Breast cancer is the most common cancer among women, and the second leading cause of cancer mortality in females in the U.S., with 300,000 new diagnoses and 41,000 fatalities annually. Recently, the dysfunction of a new class of gene expression regulators, named microRNAs (miRNAs), was linked to breast cancer initiation, progression and metastasis. miRNAs are short non-coding RNAs that bind to complementary sequences in the 3'UnTranslated Regions (3'UTRs) in the cytoplasm and repress gene expression. Based on bioinformatic analysis each miRNA is predicted to control a network of gene products, such that hundreds of transcripts are likely to be regulated by a single miRNA. The pairing with target 3'UTRs does not require a perfect match between the sequences. Since these elements are degenerate and small, they are generally difficult to detect, thus the vast majority of cancer relevant miRNA targets are still unknown. To overcome these gaps in our knowledge, we have developed an unbiased high-throughput screening method named 3'LIFE assay (Luminescence-based Identification of Functional Elements in 3'UTRs). 3'LIFE systematically maps miRNA targets in 3'UTRs with an unprecedented scale, allowing us to study the dynamics of genetic networks triggered by miRNAs during the initiation and the progression of breast cancer. We will use the 3'LIFE assay to detect miRNA targets in a pilot library composed of 1,880 3'UTRs, and probe two breast cancer relevant miRNAs: let-7c and miR-10b. We will map their network of interaction and will use their binding requirements in order to extend the targets to the entire human transcriptome. We will then validate the targets in vivo and compare our results to the transcriptome and miRNA changes in matched normal and early stage breast cancer biopsies using the human mammary conditionally reprogrammed cell (HMCRC) system. Our approach 1) pioneers an innovative method to detect miRNA:3'UTR interactions, 2) will detect the genetic network controlled by two breast cancer-relevant miRNAs, 3) will pinpoint tumor-specific miRNA and transcriptome changes of early stage primary breast cancers, and 4) will discover biomarkers and potential drug targets for early breast cancer detection and screening.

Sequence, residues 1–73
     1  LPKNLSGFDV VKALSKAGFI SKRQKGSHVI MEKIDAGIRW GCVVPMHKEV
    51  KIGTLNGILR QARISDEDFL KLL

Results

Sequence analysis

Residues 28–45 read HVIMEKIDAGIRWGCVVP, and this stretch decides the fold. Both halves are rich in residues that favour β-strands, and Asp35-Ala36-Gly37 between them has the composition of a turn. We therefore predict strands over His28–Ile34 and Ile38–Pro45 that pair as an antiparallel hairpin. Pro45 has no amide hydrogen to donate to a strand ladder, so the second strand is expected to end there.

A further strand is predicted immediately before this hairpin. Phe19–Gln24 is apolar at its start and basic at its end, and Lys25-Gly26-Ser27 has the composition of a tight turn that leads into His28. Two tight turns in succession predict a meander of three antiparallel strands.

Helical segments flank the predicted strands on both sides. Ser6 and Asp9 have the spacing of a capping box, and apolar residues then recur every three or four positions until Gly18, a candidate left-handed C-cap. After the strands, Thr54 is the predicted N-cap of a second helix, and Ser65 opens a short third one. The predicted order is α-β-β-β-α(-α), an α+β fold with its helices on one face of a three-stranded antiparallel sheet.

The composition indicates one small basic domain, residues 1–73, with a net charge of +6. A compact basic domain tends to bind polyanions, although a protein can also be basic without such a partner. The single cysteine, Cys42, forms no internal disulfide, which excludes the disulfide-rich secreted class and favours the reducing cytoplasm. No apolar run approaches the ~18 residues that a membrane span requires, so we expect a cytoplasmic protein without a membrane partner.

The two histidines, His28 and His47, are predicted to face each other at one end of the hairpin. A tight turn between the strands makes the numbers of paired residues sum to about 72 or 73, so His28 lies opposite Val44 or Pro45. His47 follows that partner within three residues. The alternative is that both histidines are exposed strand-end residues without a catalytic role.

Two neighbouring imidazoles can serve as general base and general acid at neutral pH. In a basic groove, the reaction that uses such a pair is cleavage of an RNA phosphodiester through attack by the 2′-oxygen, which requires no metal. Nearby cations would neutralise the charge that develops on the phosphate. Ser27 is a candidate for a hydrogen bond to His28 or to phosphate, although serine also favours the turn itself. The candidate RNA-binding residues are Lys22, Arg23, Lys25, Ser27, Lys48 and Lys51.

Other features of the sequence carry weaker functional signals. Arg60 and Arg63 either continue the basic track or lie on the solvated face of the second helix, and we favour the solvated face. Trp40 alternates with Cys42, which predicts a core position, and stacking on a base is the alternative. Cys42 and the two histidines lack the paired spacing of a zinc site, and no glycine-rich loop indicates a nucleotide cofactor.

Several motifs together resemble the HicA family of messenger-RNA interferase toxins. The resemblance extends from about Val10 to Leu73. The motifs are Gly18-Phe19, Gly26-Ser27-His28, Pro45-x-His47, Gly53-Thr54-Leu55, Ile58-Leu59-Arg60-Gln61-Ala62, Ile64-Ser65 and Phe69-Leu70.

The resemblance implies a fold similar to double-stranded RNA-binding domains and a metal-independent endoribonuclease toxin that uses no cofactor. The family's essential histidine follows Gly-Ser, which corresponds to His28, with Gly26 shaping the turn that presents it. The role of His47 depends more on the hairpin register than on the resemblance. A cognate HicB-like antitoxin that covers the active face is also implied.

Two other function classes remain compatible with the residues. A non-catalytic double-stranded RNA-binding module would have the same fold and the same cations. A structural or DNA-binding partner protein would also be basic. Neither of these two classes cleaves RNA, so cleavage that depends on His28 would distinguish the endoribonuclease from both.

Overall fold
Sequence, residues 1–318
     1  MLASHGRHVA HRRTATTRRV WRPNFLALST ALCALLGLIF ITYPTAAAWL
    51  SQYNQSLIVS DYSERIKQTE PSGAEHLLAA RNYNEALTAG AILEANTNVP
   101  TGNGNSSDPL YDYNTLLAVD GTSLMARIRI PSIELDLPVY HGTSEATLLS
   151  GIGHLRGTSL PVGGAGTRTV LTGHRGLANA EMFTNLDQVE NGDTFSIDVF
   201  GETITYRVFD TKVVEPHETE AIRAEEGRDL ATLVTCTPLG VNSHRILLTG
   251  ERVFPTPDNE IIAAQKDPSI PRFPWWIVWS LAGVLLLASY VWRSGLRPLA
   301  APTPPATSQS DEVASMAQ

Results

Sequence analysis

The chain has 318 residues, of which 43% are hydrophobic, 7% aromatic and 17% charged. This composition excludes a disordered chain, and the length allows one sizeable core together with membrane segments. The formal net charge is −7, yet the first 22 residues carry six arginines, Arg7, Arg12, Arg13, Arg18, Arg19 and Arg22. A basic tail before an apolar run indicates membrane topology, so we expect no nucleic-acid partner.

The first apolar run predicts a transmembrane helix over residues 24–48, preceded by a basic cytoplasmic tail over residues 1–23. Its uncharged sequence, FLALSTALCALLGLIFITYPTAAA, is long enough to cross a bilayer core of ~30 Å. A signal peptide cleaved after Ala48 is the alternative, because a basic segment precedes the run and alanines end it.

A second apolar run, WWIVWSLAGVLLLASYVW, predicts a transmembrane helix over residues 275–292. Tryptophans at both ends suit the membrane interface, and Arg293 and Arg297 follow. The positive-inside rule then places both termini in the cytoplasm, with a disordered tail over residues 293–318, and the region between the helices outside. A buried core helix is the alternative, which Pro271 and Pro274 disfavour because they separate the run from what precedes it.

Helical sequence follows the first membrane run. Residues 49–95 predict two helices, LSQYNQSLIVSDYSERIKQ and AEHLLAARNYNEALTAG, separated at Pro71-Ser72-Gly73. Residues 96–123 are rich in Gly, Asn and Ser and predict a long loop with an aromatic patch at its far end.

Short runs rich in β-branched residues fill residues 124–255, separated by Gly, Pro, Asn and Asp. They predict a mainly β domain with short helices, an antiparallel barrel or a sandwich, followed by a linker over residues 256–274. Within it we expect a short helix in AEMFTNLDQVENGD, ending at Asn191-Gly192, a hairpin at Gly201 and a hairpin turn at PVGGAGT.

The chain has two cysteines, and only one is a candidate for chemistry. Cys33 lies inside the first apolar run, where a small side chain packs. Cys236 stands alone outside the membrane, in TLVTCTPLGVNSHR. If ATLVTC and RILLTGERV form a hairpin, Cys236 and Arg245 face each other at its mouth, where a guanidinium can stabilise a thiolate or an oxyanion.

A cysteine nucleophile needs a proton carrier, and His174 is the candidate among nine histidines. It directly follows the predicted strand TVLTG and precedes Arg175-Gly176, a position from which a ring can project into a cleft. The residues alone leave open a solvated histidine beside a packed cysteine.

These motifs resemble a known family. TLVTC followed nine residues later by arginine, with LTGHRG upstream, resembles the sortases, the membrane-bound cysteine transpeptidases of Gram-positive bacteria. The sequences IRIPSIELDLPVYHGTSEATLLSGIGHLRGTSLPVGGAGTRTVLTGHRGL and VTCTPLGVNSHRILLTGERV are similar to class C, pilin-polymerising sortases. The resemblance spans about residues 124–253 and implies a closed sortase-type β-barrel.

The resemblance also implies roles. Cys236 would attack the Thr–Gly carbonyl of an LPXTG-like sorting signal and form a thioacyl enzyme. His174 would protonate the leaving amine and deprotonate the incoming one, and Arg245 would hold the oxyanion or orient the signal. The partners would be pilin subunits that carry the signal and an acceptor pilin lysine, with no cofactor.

Public Health Relevance

Micro RNAs (miRNAs) are small non-coding genes that target functional elements in the messages of other genes regulating their expression into proteins, and their dysfunction has been observed in a numerous human diseases, including breast cancer. We do not have a standardized method to systematically find these functional elements in a cost-effective and high-throughput fashion. Our approach overcomes this limitation allowing the detection and the validation of hundreds of miRNA targets in days, significantly enhancing our knowledge of the biology of these important gene regulators and their impact in breast cancer initiation and progression.

National Institute of Health (NIH)
National Cancer Institute (NCI)
Exploratory/Developmental Grants (R21)
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Cancer Molecular Pathobiology Study Section (CAMP)
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Li, Jerry
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Arizona State University-Tempe Campus
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United States
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Wolter, Justin M; Le, Hoai Huang Thi; Linse, Alexander et al. (2017) Evolutionary patterns of metazoan microRNAs reveal targeting principles in the let-7 and miR-10 families. Genome Res 27:53-63
Blazie, Stephen M; Geissel, Heather C; Wilky, Henry et al. (2017) Alternative Polyadenylation Directs Tissue-Specific miRNA Targeting in Caenorhabditis elegans Somatic Tissues. Genetics 206:757-774
Kotagama, Kasuen; Chang, Yung; Mangone, Marco (2015) miRNAs as Biomarkers in Chronic Myelogenous Leukemia. Drug Dev Res 76:278-85
Kotagama, Kasuen; Babb, Cody S; Wolter, Justin M et al. (2015) A human 3'UTR clone collection to study post-transcriptional gene regulation. BMC Genomics 16:1036
Wolter, Justin M; Kotagama, Kasuen; Babb, Cody S et al. (2015) Detection of miRNA Targets in High-throughput Using the 3'LIFE Assay. J Vis Exp :e52647
Wolter, Justin M; Kotagama, Kasuen; Pierre-Bez, Alexandra C et al. (2014) 3'LIFE: a functional assay to detect miRNA targets in high-throughput. Nucleic Acids Res 42:e132